Hot Dogs – I wasn’t sure how to handle this entry because it’s so dear to my heart. The first thing I eat when I get off the plane is walk to a hot dog street vendor and buy one (maybe two) and eat them standing right there. Yes, I’m a pig. Once I get that craving over and done with, I usually find my way to Gray’s Papaya somewhere in the city and get myself the “Recession Special” which used to be two hot dogs with onions and a drink. Wherever you end up (the best Gray’s location is on the corner of 72nd and Broadway), please remember me while you’re eating it, you lucky dog!
‘Inoteca – Love this little Italian wine bar on Rivington Street in the heart of the Lower East Side with it’s huge windows overlooking the hipster crowds passing by. Another fabulous place to stop off after a rough afternoon of pounding the pavement. Offers lovely selection of wines and their Italian cheese selection is fab. If you’re wanting an entire meal I’d do brunch here but probably not dinner (because why, when there are so many places to eat, not go to the best?). This doesn’t mean I don’t think their food is good, just stick to the snacky and brunchy selections here.
L’Ecole – This is my culinary school’s restaurant! All of the food is prepared by students under the strict supervision of their chef instructors. It’s $30 for a three course lunch which is a bargain given that the produce used is great quality and quite a lot of work goes into each dish. You can also get an omlet, we each had a rotation through the dreaded omlet station, or a vegetarian plate that’s the creation of that day’s team. The room is very pleasant and given it’s SOHO location, a real treat if you’ve been sight seeing.
Le Bernadin – This may be the best meal I ever ate in NYC. My friend Jill took me for my birthday and we indulged in the extravagant tasting menu and she’d sweetly arranged for me to have a tour of the kitchens after our meal. Just last week it was announced that the dining room here is being expanded to accomodate more diners, which is only good news for everyone! Yes, it’s fish and fish and more fish and it’s absolutely French perfect. The service whirs around you seamlessly and unobtrusively and I just can’t say enough. It was a very special birthday treat.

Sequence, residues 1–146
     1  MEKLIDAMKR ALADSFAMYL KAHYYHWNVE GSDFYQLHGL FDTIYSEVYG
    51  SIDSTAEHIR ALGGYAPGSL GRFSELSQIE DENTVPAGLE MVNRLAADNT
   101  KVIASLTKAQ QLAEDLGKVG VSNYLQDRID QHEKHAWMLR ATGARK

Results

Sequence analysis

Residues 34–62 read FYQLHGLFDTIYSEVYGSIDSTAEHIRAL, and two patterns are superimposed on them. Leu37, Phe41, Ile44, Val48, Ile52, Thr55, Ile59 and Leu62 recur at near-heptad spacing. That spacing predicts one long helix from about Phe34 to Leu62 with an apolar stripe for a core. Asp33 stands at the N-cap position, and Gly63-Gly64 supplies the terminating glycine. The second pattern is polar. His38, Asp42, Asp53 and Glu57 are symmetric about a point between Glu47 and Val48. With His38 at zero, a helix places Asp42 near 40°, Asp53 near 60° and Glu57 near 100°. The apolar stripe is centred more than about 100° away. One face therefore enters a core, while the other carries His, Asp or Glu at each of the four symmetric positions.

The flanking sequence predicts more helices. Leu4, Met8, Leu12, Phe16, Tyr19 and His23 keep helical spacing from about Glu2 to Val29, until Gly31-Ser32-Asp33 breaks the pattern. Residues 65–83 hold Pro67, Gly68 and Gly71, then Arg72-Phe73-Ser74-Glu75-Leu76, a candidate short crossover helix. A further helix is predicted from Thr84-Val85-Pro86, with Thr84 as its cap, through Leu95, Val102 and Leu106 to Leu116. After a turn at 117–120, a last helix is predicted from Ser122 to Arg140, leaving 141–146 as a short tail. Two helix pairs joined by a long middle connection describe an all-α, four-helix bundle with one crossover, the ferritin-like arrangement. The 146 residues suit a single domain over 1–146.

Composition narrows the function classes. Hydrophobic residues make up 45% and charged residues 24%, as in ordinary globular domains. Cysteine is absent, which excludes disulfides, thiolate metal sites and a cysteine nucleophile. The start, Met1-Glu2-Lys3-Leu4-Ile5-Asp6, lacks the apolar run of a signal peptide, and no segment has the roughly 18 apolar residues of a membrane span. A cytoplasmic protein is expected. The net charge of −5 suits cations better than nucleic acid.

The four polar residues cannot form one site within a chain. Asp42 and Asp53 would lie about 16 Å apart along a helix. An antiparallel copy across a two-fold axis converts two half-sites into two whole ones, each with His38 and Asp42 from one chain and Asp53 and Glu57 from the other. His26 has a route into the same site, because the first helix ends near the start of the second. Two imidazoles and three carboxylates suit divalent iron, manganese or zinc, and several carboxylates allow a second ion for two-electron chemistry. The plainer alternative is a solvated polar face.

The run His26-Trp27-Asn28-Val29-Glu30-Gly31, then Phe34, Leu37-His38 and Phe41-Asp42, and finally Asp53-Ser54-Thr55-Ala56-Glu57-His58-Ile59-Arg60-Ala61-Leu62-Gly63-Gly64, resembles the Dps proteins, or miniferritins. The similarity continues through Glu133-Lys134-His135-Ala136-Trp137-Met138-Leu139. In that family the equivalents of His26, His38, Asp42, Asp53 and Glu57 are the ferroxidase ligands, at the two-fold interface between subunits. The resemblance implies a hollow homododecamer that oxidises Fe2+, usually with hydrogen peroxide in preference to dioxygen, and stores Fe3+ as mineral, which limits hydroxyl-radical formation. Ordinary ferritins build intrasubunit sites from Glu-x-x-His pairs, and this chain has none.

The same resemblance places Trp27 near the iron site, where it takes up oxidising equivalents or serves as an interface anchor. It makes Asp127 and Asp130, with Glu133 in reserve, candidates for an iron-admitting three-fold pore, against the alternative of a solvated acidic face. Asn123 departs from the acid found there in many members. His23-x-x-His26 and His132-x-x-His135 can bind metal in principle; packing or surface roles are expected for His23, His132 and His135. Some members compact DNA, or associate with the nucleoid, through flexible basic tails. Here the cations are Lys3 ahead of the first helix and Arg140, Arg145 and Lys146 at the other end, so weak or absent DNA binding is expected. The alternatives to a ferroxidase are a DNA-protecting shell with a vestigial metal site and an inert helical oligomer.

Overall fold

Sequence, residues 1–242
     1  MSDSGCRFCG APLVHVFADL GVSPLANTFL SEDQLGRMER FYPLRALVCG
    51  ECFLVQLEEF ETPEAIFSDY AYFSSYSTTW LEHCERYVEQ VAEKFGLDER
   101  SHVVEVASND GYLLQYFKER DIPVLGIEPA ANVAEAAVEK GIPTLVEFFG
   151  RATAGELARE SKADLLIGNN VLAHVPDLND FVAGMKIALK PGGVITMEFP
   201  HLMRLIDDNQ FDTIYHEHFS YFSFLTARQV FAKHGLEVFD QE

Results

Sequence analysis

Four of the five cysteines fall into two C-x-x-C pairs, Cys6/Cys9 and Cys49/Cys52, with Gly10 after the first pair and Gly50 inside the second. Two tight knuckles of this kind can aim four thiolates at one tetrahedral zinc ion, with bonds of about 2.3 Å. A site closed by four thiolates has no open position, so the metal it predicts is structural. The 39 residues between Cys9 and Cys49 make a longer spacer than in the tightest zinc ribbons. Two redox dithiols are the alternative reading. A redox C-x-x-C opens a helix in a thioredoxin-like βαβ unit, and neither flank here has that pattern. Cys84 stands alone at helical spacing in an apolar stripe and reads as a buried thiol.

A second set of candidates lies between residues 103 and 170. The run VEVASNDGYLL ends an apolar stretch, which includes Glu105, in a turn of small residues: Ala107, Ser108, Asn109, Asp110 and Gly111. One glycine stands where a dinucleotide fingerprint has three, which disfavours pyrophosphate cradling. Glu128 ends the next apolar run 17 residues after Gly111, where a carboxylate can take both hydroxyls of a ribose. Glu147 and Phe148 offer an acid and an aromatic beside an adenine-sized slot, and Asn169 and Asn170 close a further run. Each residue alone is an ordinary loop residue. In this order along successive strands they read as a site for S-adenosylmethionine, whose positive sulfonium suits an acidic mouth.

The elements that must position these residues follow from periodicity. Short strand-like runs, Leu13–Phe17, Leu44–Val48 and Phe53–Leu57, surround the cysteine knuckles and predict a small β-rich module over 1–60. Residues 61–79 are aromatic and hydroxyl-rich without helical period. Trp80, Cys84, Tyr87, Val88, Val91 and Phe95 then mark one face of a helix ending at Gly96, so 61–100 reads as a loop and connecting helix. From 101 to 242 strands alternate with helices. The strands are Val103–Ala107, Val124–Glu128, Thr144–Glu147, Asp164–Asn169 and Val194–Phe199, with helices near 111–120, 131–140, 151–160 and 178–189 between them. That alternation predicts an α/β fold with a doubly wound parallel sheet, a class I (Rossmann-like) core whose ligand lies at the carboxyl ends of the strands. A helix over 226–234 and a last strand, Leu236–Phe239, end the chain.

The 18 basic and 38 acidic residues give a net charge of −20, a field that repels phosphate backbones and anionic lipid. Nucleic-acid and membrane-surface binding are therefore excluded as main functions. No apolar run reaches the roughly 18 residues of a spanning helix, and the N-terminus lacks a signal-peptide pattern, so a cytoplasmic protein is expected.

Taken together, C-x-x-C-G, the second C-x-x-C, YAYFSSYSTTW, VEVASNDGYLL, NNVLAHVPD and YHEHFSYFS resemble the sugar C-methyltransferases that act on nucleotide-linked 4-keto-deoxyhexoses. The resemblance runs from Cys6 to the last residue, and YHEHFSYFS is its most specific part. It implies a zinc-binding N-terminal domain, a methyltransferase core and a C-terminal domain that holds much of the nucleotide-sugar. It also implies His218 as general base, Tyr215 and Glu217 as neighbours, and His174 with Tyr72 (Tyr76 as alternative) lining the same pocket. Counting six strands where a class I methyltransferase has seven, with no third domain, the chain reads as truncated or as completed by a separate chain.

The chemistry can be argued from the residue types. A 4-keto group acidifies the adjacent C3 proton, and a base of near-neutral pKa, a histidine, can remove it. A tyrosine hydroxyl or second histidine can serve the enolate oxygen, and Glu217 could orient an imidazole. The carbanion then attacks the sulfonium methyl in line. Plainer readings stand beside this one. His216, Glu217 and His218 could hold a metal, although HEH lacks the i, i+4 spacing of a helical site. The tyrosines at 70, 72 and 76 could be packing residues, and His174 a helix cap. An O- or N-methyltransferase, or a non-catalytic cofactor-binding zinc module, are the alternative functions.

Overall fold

Little Owl – I adore this place. I even won a blog competition when I was in culinary school for a free dinner for two at this Mediterranean inspired hot spot. Besides the meal I won, I tried to go as much as I could when I lived in NYC but getting a reservation is hard to do! The location in the West Village is charming, it’s cozy and the food is outstanding. The meatball sliders are worth a try and the pork chop is maybe the best I’ve ever had – nothing experimental here, just good solid, delicious food.
Mary’s Fish Camp – I’ve written endlessly about my search for the perfect lobster roll here in London. The lobster roll at Mary’s is the standard against which all others are held. But they not only serve fantastic lobster, they always have an intriguing starter or two (I got fried green tomatoes last time I was there) and their ice cream sundaes (usually with peanut brittle) are just so good. This place is tiny and doesn’t take reservations so come at a slightly off time and be prepared to wait.